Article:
The Activity of the Glorified Christ
John 14:12-14
Truly, truly, I say to you, He that believes on me, the works that I do shall he do also; and greater works than these shall he do…

I. ITS REALITY AND CERTAINTY. Vers. 13, 14 show that Christ regarded Himself as the worker and His followers only as His agents.

II. ITS ORGAN AND INSTRUMENT. Our Saviour's language —

1. Does not mean that He will work through no other way than the collective Church, which is His body, and the believer who is a member of it; because in point of fact He does, as the Governor of the universe which He summoned into being.

2. Nor that everything done by the Church or the believer is a manifestation of His activity. To maintain this would be to open a wide door to fanaticism.

3. It does signify, however, that Christ uses His Church collectively and individually to operate on the earth; and that not merely as His representative, but as His body, pervaded by His power and swayed by His will. His own works indicate His unity with the Father (ver. 11): the works of believers their unity with Himself (vers. 12, 20).


1. Its nature — "The same works," etc. This was fulfilled in the miracles of the disciples after Pentecost. But that they performed no works, except as they were employed by Christ is shown by the fact they wrought no miracle to cure their friends (Philippians 2:26, 27; 2 Timothy 4:20). They had no power to work indiscriminately.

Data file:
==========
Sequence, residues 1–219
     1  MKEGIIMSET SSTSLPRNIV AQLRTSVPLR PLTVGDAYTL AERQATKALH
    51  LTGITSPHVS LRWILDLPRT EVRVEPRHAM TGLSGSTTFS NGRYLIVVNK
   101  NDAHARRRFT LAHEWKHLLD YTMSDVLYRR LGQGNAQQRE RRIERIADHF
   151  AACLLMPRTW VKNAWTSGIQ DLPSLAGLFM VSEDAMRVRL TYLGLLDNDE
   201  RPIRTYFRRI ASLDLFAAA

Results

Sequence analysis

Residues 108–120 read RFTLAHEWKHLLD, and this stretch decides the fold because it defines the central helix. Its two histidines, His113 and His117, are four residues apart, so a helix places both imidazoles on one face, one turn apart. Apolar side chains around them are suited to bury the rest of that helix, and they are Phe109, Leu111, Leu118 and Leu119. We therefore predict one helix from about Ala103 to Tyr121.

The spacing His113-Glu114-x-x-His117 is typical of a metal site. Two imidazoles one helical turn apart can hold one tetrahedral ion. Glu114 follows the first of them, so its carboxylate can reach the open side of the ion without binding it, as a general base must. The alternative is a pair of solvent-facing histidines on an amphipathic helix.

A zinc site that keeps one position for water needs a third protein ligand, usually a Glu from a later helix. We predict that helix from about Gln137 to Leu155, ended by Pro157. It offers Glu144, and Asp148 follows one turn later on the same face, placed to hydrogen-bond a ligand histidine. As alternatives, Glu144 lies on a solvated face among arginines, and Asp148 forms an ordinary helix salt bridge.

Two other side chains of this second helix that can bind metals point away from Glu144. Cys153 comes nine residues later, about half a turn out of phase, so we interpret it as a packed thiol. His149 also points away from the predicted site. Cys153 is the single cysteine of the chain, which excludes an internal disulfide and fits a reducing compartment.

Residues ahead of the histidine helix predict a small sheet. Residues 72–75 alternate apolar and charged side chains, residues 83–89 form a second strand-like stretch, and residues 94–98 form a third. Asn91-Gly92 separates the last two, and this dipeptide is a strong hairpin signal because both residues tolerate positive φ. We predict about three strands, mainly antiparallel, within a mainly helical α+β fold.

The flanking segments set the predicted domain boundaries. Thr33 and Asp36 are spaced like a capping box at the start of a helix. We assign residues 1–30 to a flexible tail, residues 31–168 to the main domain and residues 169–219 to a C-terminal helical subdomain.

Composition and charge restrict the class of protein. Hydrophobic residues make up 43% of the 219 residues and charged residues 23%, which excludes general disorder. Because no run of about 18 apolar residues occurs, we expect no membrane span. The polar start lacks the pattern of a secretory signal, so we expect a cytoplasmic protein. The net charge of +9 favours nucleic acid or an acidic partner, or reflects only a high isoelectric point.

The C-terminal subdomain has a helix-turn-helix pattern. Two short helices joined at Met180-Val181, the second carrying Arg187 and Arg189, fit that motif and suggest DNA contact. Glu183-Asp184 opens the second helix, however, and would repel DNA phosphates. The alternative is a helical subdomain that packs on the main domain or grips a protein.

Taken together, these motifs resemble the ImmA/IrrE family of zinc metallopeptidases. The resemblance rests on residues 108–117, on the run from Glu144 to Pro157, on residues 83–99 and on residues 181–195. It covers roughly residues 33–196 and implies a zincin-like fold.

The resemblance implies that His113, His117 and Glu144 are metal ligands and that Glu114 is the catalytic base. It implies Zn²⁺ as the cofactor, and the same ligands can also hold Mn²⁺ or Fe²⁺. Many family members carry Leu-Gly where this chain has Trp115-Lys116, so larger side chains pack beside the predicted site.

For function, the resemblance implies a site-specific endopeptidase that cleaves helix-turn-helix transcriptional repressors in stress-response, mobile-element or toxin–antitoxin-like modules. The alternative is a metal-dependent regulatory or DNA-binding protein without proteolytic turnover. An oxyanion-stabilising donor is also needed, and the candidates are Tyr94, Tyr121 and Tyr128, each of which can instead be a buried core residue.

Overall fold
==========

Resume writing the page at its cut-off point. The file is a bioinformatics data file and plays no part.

2. Its extent. "Greater works" — not greater miracles, but such works as Peter's at Pentecost, and Paul's in his missionary journeys.

IV. ITS MODE AND CONDITION. If Christ is the prime worker and the believer the instrument, connection must be established between them.

1. Christ must be able to reach the believer. This He does by the impartation of the Spirit (vers. 16, 171.

2. The believer must be able to communicate with Christ. This he does by prayer (vers. 13, 14). Nothing could be —

(1)  Simpler — it would be only needful that they should ask (Matthew 21:21, 22; Mark 11:23, 24).

(2)  Ampler — all things should be done (Matthew 7:7; Matthew 18:19).

(3)  Surer — Christ would Himself do what they asked.

(4)  Freer — the only stipulation was that they should ask in Christ's name.Lessons —

1. The supreme divinity of Christ involved in all He here says about Himself.

2. The essential dignity of the Christian — a fellow worker with Christ.

3. The true doctrine of prayer — asking in the name of Christ.

4. The reason why miracles have ceased — the Holy Ghost does not consider them necessary.

(T. Whitelaw, D. D.)

Parallel Verses
KJV: Verily, verily, I say unto you, He that believeth on me, the works that I do shall he do also; and greater works than these shall he do; because I go unto my Father.

WEB: Most certainly I tell you, he who believes in me, the works that I do, he will do also; and he will do greater works than these, because I am going to my Father.

Miracles in Nature and Grace Contrasted
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